My point stands: he / she wants to pass for the traditional image of a man who hails from that particular part of the world. That style of turban and general appearance leave no doubt that the person in question is male. Masculine or not, that turban is a signifier of belonging to the male sex.
IMHO, turban was never an integral part of masculinity. After all, more than 99% of men in world don't wear turbans . Turban has always been though a regal sign, and at the same time has divine connotations to it , with various prophets, hindu saadhs and sikh gurus wearing it . Overtime , this distinct garment earned its "sovereign-divine" status naturally and this was in perfect unison with "miri piri" concept of sikhi. No wonder turban is an iconic part of sikhi .
Now why this lady/gentleman is in turban? Is he transgender or intersexed ? both are two totally different things. The former is congenital/environmental and is basically a person's mind of one gender and body of another. The latter is a congenital defect wherein the external genitalia is obscure .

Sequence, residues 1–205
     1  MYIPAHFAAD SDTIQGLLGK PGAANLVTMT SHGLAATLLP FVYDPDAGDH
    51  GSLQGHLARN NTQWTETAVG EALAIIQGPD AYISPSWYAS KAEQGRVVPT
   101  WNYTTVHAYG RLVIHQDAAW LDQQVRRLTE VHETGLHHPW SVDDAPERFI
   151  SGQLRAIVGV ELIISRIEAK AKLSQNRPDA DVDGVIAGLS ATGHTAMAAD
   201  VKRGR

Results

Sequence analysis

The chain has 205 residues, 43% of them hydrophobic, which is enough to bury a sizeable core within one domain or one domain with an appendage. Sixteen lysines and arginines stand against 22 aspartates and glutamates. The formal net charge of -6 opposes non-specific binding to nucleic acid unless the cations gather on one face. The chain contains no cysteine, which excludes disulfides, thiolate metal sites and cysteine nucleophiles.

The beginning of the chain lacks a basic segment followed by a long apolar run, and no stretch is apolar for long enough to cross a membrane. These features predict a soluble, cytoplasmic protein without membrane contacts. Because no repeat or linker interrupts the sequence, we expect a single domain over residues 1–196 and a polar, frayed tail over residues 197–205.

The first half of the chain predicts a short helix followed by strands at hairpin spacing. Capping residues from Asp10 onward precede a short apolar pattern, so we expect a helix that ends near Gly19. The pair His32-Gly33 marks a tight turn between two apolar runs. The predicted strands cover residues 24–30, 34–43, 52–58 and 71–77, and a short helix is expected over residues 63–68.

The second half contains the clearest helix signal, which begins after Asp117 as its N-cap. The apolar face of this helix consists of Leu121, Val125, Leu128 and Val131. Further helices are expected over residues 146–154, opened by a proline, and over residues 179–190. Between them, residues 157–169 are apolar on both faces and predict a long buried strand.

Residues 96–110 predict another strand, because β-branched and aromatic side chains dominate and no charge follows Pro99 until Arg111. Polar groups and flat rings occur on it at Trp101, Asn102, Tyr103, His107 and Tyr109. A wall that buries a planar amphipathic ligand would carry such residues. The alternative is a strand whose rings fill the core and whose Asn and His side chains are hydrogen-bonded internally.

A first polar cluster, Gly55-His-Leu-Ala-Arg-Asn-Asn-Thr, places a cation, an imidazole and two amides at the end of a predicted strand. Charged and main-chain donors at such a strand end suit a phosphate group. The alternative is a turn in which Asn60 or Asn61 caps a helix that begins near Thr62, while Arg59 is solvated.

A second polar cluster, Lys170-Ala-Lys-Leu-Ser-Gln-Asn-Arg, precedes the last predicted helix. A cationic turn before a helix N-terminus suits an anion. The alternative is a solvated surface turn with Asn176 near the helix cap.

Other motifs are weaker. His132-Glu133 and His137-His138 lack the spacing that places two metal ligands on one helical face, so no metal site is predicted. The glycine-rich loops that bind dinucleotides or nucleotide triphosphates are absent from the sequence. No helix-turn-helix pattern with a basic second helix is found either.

Why is he/she in turban. Does he/she think he/she better represents voice of punjab in terms of LGBTQIA that way ? i am not sure. Also if its a male born person who self-identifies as female, what stopped him from dressing as a punjabi mutiyaar ? if he's the other way, born female but identifies as male , then the dastar is obvious !
But I would still object to it ! why ? by portraying a sikh image in a "not so strong" manner , s(he) is destroying centuries of built image of sikhs as people you should not dare mess with. You might think the image is a trivial thing, but I believe its a strong deterrent to possible harmful things that someone could throw our way.
for instance, "that kid's of sardar. lets not kidnap him. sardars are fierce" . I hope you get the gist.
And this is also rooted in Sun Tzu's saying: "Appear strong when you're weak , and weak when you're strong"